Once again, an extremely professional and talented cast of actors breathes life into the written words. Pearce Bunting plays the host, with a spot-on Garrison Keillor impression. From the red socks and the glasses, to the way he holds his hand to his face while talking, to the shuffling dance as he's taken by the music. The adorable Noah Deets plays the host's 10-year-old self, with remarkable maturity and ability in this unusual format for someone so young. Various characters real and imagined are portrayed by Jon Andrew Hegge, Laurie Flanigan-Hegge, Jake Endres, Summer Hagen, and the dryly hilarious Angela Timberman. Of course APHC would not be complete without music, and there's much of that here, successfully woven into the story in the form of jingles and performances by guests (with musical direction by Andrew Cooke).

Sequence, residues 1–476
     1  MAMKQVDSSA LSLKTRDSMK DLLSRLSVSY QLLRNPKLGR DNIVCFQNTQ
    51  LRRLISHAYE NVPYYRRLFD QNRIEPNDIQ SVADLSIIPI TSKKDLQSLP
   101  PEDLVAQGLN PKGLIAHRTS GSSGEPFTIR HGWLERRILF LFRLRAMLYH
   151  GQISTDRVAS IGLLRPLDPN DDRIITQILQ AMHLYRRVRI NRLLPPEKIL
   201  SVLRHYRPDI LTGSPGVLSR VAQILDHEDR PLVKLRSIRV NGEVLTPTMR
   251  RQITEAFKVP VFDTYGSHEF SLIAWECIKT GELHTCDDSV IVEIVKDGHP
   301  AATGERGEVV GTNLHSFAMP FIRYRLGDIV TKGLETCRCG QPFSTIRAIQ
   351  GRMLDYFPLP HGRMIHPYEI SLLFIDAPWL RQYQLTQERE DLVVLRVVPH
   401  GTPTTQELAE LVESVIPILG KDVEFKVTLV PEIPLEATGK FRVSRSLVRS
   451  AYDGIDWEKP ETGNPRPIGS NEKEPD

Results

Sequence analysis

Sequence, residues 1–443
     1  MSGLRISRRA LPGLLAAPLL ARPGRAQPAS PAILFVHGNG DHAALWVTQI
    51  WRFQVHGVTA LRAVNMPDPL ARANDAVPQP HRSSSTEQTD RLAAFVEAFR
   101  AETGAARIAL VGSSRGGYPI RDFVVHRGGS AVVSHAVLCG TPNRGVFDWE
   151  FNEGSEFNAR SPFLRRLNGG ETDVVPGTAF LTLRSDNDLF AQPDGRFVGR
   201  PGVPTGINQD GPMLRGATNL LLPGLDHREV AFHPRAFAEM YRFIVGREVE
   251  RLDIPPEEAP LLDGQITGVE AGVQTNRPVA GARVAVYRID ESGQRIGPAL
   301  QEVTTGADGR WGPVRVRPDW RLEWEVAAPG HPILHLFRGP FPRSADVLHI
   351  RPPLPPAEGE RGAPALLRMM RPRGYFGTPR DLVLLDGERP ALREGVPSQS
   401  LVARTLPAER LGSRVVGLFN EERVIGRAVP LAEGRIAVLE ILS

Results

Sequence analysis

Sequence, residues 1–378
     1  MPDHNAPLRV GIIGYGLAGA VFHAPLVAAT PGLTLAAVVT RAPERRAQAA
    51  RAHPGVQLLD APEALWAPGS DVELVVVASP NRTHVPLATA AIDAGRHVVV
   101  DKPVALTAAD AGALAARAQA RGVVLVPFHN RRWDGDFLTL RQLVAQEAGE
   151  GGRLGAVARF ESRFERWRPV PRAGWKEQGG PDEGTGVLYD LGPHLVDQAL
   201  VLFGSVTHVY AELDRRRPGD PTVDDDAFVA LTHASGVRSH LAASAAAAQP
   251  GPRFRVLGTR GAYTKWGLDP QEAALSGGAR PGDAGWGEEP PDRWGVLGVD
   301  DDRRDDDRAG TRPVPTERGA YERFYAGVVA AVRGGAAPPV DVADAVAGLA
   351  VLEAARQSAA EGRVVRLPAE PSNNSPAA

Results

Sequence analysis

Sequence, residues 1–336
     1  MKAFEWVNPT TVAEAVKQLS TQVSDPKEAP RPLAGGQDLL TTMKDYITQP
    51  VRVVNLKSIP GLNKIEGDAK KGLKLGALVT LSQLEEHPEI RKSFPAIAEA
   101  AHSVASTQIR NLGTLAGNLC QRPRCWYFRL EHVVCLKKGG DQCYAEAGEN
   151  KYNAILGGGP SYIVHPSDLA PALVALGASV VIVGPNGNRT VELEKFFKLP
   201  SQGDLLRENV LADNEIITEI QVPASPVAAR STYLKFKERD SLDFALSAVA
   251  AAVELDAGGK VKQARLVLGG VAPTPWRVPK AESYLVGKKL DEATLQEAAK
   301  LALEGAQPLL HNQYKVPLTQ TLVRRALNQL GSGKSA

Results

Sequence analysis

In the post-show discussion (a lovely feature of Raw Stages that allows the audience to share feedback with the creators), Pearce was asked what it felt like to play a real person who was sitting in the room. Pearce responded that Garrison's words resonate with so many of us because he's telling our story, so in a way he's in all of us, or all of us are in him. He said if he continues in the role (which I sincerely hope he does), the trick will be to find a little bit more of himself in the character and less of Garrison. A few other people pointed out that the ending went on a little too long. I agree with that, but after a little tightening and restructuring (Garrison was busily taking notes throughout the reading), this has the potential to be a charming play about a familiar and beloved Minnesota institution. I consider Garrison to be the Mark Twain of our generation, a folksy humorist telling stories of Americana that ring true. It's lovely to hear that voice coming from a theater stage through the mouths of actors, and to experience the wonderfully quirky world of A Prairie Home Companion in a theatrical format.